The Dubuque Museum of Art seeks to excite, engage and serve diverse communities within the Tri-State area through our collections, exhibitions and educational programs. We connect generations of people to their cultural heritage and exceptional art.
The Dubuque Museum of Art will be a leading cultural organization and a dynamic community hub. While enhancing our collections and exhibitions, we will foster lifelong learning and engagement with the arts to have a lasting impact on the quality of life in the Tri-State area.
1. Art has the power to change lives.
2. We base our efforts and relationships on trust, integrity, respect and accountability.
3. We adhere to professional ethics and museum standards in all operations and seek to maintain a high standard of artistic excellence.
4. We seek mutually beneficial partnerships to advance the role of the arts within our community.
5. We seek to be inclusive of diverse communities, cultures and ideas.
6. We seek to support and bring recognition to artists in our region.
The Dubuque Museum of Art, the oldest cultural institution in the State of Iowa, was founded over 140 years ago as the Dubuque Art Association. The Association’s first recorded meeting was on February 24, 1874, at the Lorimer House, then located at 8th and Bluff Streets in Dubuque. The Art Association was organized by a progressive group of community leaders who opened Association membership to the public and collected subscriber’s fees to purchase art. The Association’s visibility was increased by holding public art exhibitions of the purchased art in a variety of locations throughout the city. A complete listing of the Association’s founding subscribers has not survived; however, records show that the following individuals helped shape its growth in the early to mid-20th century: Kate VanDuzee, Louise Halliburton, Adrian Dornbush, Dorothy Bechtel Rossiter, and Grant Wood.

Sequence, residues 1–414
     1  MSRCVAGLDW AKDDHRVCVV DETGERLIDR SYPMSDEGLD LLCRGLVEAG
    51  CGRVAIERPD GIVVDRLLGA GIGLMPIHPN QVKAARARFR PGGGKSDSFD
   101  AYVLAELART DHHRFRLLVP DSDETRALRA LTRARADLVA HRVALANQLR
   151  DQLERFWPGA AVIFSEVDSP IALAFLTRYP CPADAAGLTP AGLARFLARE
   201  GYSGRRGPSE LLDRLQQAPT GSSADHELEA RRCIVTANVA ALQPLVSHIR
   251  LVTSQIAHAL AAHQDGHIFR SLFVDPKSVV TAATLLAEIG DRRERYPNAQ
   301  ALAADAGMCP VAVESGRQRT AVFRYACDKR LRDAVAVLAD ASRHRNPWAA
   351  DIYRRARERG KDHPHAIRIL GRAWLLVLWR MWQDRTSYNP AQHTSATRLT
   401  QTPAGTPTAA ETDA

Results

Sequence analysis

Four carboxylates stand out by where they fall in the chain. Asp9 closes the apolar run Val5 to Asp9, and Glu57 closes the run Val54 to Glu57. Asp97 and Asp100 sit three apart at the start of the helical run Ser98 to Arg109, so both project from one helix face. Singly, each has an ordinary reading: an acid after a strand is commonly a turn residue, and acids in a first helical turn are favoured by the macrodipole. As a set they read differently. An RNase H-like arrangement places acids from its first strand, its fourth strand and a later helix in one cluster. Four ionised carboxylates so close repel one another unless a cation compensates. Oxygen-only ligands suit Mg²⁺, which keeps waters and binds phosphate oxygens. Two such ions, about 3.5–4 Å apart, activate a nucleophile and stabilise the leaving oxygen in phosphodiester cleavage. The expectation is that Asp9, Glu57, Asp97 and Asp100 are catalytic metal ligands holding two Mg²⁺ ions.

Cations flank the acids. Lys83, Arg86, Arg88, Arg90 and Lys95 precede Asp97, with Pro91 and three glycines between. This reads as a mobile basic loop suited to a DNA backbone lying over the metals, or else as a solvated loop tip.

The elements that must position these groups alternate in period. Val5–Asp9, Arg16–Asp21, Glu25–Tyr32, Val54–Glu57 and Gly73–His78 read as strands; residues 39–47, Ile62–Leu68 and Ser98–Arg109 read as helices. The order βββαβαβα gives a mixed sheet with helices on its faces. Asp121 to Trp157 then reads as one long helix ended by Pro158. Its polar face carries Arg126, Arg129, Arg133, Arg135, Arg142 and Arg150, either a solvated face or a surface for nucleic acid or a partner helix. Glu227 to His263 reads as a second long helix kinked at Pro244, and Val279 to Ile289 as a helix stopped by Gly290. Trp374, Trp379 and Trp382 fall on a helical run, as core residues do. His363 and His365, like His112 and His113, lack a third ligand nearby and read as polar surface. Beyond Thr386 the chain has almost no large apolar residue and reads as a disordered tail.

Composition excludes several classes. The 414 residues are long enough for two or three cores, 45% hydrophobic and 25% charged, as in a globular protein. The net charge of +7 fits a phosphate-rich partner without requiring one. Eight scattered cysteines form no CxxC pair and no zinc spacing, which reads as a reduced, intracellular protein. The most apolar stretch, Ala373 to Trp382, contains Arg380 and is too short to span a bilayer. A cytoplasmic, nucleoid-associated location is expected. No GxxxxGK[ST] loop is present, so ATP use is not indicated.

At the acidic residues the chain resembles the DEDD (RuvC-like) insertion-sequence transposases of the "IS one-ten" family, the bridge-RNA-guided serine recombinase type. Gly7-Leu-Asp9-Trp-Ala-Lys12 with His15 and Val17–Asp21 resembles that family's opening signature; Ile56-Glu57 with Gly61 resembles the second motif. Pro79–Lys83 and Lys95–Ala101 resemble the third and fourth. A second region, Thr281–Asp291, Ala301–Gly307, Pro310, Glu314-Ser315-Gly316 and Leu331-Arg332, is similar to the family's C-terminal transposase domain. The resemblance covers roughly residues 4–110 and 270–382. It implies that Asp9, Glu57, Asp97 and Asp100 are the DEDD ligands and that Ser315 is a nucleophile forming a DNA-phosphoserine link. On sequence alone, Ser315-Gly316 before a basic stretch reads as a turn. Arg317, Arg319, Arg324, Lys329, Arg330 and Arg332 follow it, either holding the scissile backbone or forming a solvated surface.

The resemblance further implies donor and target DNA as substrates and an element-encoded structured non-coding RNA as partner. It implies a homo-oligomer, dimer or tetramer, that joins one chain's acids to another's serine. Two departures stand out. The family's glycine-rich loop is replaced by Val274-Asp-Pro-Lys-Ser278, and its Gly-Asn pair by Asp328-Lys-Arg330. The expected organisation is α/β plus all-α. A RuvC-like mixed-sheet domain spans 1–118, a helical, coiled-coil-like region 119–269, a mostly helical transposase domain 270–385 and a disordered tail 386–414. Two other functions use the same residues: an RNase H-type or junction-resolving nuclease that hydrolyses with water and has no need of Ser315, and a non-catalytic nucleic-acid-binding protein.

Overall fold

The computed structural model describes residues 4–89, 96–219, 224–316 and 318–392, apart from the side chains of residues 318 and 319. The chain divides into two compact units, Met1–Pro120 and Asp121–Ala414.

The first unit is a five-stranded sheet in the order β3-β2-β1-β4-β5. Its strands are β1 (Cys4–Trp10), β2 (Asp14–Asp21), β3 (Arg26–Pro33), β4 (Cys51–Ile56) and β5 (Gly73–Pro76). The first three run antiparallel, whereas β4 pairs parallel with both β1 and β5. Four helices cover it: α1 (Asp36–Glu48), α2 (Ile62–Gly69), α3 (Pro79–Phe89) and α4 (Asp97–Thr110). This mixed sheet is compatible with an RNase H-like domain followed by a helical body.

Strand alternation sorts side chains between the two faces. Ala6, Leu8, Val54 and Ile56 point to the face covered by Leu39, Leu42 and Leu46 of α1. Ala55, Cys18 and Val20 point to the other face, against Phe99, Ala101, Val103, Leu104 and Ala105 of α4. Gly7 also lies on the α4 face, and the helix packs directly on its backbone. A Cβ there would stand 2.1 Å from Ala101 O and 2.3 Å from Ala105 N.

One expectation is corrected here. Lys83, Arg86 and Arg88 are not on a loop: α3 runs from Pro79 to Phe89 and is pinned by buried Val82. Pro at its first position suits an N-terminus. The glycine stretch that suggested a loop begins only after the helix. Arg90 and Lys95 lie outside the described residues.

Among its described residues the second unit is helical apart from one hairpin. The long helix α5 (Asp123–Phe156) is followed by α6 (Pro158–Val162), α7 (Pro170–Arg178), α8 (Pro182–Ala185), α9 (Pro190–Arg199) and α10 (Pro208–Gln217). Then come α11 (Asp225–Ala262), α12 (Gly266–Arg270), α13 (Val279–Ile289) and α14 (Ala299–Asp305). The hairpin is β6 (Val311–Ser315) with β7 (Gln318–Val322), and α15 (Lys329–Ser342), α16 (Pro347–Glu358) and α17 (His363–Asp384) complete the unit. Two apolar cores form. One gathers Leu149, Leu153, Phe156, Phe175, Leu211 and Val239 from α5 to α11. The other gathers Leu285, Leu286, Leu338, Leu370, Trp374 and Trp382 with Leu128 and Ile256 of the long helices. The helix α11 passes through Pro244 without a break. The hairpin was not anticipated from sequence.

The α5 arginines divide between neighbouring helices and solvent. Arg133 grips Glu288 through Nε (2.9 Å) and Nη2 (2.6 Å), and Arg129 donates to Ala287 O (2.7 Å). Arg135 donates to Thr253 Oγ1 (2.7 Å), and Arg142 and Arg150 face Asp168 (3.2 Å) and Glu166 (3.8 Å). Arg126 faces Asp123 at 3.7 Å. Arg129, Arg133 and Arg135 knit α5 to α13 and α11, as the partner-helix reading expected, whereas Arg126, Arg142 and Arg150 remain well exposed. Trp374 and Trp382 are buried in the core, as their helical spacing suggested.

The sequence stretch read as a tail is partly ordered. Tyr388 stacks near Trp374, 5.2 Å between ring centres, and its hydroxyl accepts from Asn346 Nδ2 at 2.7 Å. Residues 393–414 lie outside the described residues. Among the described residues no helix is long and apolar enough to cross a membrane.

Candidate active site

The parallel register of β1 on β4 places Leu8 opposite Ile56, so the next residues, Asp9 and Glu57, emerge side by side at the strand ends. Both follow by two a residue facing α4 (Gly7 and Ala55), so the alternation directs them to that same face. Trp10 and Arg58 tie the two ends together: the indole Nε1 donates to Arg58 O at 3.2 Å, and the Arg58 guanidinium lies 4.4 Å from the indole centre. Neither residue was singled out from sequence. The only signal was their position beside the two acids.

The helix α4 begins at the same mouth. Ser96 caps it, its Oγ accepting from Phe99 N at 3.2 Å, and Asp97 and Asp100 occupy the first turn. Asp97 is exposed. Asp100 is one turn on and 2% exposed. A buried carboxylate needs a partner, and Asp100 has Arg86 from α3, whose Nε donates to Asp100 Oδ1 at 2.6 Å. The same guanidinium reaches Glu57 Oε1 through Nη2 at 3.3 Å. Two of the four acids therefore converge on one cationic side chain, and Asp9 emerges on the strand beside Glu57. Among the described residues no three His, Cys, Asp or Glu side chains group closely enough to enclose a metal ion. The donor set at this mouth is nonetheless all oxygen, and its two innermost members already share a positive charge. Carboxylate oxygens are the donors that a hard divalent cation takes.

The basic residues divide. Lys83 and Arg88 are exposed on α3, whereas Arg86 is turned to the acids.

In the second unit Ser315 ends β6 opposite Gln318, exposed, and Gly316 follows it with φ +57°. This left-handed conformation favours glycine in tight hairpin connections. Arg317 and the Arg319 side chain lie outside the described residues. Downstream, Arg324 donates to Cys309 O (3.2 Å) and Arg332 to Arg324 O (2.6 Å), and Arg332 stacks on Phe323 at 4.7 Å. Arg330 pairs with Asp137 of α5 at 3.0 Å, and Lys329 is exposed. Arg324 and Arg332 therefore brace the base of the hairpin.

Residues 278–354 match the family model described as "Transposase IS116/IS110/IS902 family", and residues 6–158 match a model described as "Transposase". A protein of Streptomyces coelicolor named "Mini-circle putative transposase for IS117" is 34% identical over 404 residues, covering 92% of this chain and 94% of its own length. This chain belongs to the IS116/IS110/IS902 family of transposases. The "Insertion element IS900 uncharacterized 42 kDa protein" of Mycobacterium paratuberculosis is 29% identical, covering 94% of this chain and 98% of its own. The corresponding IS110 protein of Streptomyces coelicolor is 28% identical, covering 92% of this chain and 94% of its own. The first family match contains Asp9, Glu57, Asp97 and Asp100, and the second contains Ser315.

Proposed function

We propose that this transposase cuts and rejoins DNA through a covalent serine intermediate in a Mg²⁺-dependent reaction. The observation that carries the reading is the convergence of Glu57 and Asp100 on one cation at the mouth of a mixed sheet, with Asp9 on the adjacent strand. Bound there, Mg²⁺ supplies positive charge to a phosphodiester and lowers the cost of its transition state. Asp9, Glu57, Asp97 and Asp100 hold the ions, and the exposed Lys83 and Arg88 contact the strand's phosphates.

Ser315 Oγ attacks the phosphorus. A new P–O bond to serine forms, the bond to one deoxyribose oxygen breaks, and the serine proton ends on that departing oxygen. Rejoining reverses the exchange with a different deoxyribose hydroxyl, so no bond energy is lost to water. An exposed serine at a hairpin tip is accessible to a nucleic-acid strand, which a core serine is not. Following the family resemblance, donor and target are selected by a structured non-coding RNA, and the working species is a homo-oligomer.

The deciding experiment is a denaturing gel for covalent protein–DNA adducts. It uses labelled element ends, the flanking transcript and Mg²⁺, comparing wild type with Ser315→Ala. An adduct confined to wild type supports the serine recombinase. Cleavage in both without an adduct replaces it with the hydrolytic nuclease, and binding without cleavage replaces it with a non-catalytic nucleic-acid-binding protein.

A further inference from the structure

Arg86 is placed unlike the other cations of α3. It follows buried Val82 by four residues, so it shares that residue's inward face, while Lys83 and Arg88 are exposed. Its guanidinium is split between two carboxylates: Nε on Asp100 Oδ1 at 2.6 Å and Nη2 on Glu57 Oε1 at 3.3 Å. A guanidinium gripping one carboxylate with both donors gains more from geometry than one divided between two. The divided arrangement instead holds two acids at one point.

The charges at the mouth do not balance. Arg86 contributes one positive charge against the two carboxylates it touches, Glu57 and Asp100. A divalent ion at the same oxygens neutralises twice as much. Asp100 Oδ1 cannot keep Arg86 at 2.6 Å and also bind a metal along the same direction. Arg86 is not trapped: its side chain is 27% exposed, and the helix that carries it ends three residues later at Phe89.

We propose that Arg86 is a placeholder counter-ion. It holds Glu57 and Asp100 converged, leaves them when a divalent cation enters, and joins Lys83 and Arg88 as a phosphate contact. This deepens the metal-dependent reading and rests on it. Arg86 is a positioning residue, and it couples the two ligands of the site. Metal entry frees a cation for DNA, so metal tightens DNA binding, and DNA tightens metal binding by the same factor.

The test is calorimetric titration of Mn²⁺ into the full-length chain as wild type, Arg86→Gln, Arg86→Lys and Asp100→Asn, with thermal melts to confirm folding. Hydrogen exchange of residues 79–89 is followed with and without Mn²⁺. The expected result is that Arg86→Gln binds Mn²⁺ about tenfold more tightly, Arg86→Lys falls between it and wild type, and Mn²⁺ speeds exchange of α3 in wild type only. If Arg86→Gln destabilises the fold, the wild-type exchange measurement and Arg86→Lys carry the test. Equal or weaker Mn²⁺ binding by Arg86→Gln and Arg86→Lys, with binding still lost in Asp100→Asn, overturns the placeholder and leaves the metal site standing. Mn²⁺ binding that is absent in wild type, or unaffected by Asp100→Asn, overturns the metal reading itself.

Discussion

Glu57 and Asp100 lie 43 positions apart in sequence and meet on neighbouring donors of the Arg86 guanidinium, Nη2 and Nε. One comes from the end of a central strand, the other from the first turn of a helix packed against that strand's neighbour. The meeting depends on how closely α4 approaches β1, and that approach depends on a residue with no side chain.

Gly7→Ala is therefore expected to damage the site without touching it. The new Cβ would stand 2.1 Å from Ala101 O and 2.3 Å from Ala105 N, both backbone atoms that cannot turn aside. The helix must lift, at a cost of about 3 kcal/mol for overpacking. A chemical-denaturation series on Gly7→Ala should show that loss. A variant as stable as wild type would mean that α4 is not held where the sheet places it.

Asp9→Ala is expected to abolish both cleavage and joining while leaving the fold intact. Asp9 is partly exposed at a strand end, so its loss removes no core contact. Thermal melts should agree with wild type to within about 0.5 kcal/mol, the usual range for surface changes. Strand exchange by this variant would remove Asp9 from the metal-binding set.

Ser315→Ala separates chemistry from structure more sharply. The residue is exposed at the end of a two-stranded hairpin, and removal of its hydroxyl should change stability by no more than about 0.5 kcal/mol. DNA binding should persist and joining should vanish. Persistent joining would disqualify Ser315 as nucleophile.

Over the years, the Association was located in various private homes in Dubuque through 1904, then relocated to Carnegie-Stout Public Library, The Barn (Slattery Center), and the Old County Jail on 8th Street. The Association’s first full-time director was hired in 1987, and the Dubuque Art Association changed its name to Dubuque Museum of Art in 1996. In 1999 the Museum opened its current state-of-the-art facility on the corner of 7th and Locust Streets.
The Dubuque Museum of Art is fortunate to have a rich permanent art collection of approximately 2,200 works, including one of the world’s largest collections of Grant Wood art. The Museum is also home to a rare and complete collection of Edward S. Curtis’ photogravures of The North American Indian and is the repository for the work of world-renowned artist, etcher, and illustrator Arthur Geisert.
Accredited by the American Alliance of Museums in 2005, the Museum strives to be responsive to artists within the region as well as to the general community through a variety of temporary exhibitions, gallery tours, outreach programs, and educational classes and parent/child initiatives.